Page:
Lauren Brazeal Garza is the author of the full-length poetry collection, Gutter (YesYes Books, 2018), which centered on her homelessness as a teenager in Los Angeles. Her newest chapbook, Santa Muerte, Santa Muerte: I Was Here, Release Me (forthcoming from Tram Editions in 2023) offers a series of interviews with ghosts and other supernatural beings—inspired by her experience as a translator and collector of oral histories. She is the author of two additional chapbooks, published under the name Lauren Brazeal: Exuviae (Horseless Press, 2016) and Zoo for Well-Groomed Eaters (Dancing Girl Press, 2016). Lauren writes poetry, short fiction, and essays and her work has appeared in journals such as Poetry Northwest, Waxwing, Verse Daily, Barrelhouse & Diagram.

She is a graduate of Bennington College’s M.F.A program, with a degree in poetry, and is now a Ph.D.  candidate in Literature at UT Dallas with a focus on decolonial approaches to translation, testimonial literature, and Latin American testimonio. Lauren’s Ph.D. dissertation uses a collaborative approach to collect and translate oral histories and memories from members of the indigenous Waorani Nation of Amazonian Ecuador—all of whom are survivors or children of survivors of the first sustained interactions with missionary colonists in the 1960’s; and the waves of Polio, starvation, and ethnocide that followed.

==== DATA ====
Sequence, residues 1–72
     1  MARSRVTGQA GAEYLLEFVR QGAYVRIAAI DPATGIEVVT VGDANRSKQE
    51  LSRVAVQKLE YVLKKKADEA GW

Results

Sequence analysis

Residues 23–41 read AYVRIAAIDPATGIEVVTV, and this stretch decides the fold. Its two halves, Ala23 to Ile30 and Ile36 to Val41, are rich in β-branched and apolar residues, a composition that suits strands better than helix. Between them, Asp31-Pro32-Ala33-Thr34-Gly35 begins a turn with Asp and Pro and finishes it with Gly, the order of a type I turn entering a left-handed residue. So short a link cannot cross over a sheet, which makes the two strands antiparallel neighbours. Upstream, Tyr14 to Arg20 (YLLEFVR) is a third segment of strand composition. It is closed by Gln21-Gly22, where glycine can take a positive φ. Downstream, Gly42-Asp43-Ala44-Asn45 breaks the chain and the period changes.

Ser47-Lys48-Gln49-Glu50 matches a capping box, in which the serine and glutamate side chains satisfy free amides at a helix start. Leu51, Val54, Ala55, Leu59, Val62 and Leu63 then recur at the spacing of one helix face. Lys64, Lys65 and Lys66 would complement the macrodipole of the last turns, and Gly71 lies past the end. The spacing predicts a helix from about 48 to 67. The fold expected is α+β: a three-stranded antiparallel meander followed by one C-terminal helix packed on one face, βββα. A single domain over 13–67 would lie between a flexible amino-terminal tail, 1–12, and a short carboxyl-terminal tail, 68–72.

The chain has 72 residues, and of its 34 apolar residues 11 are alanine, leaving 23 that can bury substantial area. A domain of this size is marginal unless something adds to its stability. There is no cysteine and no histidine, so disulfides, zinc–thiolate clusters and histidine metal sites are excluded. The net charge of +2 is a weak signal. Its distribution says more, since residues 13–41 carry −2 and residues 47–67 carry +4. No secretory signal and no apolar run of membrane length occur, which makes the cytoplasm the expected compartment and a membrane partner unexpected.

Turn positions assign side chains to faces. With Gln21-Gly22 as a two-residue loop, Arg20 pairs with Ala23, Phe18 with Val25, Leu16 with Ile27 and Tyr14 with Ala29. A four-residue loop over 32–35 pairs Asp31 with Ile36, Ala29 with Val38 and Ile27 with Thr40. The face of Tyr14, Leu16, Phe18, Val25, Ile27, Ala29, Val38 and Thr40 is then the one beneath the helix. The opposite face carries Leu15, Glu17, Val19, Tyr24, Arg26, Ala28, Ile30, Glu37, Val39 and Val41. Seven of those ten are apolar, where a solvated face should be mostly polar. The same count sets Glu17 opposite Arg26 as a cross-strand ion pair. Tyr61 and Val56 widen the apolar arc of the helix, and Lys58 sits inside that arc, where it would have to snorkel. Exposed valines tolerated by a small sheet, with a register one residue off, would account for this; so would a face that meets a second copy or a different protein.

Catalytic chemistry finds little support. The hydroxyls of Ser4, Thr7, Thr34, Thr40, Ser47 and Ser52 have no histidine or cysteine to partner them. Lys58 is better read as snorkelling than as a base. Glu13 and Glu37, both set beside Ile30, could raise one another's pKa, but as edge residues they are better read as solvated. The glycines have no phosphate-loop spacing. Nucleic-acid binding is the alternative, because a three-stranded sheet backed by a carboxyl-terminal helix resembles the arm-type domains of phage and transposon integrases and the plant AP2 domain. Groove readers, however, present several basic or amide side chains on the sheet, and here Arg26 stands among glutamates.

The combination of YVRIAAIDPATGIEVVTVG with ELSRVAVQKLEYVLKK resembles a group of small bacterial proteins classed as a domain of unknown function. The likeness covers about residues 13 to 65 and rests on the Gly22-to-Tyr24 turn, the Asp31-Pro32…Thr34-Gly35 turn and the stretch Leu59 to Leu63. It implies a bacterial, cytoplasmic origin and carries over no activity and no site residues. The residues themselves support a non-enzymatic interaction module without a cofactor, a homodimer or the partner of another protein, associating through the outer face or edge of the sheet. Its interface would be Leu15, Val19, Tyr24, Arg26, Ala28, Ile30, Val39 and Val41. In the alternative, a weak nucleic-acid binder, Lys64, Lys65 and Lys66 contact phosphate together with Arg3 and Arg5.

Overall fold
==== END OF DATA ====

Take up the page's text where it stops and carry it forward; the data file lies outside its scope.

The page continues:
In addition to her writing, she is the founder and president of  Fundación Warepo Beye, a non-profit organization that provides emergency medicine, medical supplies, and vital provisions to Waorani communities in crisis.

For More information, visit her P&W writer’s directory profile at Poets & Writers

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